We stayed a week in this location - much longer than most places we’ve been. But, today it was time to wrap up our stay and head out of the Rockhound State Park. We know we’re going to have this combination of scenery & costs again, but when it’s time to go, it’s time to go.
Just outside of the state park is a dilapidated low-hanging building with a number of solar panels around it with piles of rocks everywhere. The weathered sign out front reads Basin Range Volcanics Geolapidary Museum. It looked like it might be just the kind of unique local attraction to check out, so we stopped by. After knocking on the door and hearing “come in” we entered, and the proprietor - Paul “the geode kid” Colburn quickly switched on the overhead lights. He led us on a brief tour of the cluttered interior (which I’m sure is in perfect order as he looks at it). The conversation went all over the map from growing up, to college, to rock collecting, to politics and history. Storybird fell in love with a golf-ball sized geode and used her allowance money to purchase it.
From there we drove up to the Spring Canyon portion of the park next door - including the 17% grade road to get there - for a quick look around and short hike up the “Lovers Leap” trail. We weren’t able to make it to the actual Leap because the park gates close at 4:00 - we passed the Ranger truck (and some open-range cattle) on our way out.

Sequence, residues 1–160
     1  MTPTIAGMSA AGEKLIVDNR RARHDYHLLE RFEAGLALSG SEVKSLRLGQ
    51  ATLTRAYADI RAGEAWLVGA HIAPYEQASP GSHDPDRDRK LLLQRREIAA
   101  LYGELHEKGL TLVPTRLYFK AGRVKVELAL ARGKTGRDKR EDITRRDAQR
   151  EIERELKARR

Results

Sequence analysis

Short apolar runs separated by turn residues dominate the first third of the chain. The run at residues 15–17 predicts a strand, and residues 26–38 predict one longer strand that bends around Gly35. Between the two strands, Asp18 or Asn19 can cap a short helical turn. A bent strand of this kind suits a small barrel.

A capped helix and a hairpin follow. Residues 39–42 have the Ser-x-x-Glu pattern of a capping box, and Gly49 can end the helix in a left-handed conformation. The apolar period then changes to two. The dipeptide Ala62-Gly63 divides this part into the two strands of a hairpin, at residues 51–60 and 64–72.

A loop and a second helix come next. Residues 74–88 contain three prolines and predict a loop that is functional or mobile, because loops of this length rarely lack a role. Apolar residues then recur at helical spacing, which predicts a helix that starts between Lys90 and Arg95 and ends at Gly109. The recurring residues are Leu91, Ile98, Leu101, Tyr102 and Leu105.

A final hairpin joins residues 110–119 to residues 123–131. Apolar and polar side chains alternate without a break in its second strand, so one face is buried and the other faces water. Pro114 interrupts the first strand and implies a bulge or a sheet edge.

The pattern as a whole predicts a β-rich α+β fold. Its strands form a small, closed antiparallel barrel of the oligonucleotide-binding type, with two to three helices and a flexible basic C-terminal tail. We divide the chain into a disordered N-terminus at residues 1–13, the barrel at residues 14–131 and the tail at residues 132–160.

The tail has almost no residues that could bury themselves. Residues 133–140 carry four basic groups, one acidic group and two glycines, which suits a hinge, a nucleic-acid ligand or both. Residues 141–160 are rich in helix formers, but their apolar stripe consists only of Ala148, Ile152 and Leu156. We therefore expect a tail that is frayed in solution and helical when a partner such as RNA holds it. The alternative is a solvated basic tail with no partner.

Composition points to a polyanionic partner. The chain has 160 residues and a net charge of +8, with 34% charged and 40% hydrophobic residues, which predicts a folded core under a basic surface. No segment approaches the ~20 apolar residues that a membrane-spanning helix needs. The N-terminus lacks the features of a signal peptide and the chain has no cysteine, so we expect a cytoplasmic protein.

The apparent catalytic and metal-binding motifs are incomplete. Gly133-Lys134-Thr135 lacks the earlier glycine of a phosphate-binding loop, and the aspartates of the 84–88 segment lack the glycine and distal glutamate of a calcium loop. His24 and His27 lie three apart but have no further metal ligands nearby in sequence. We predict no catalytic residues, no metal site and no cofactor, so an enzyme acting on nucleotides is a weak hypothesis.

Saturday night the park visitor center was having a “Star Party” - so we bundled up and headed down right after sunset. Cookies and water were provided while we heard a telling of the Navajo Indians “sky lore” (but the volunteer did slip in Psalms 19:1 before doing so). After the Indian legends were discussed the park volunteer had a powerful laser that she could use to point out the different constellations. We also spotted two satellites (one of which might have been the space shuttle), and others in the group saw a shooting star as well. One of the other star party members was using an iPhone app that would overlay information about the constellations when you point the camera towards the sky. I found a similar app back at the campsite - SkyView which really helps identify the stars you are looking at.
This morning we packed up and got ourselves on the road in time to make it into Deming for church. We chose to be Baptist again and attended the First Baptist Church where I was greeted with “I know you!”. Turns out our LP salesman - Angel - from earlier in the week is a deacon.
After church we drove down the road another 30 miles…but details on that location will be in the next post. All in all we had a great week in Deming - definitely much more to this town than being a small gas stop off I-10.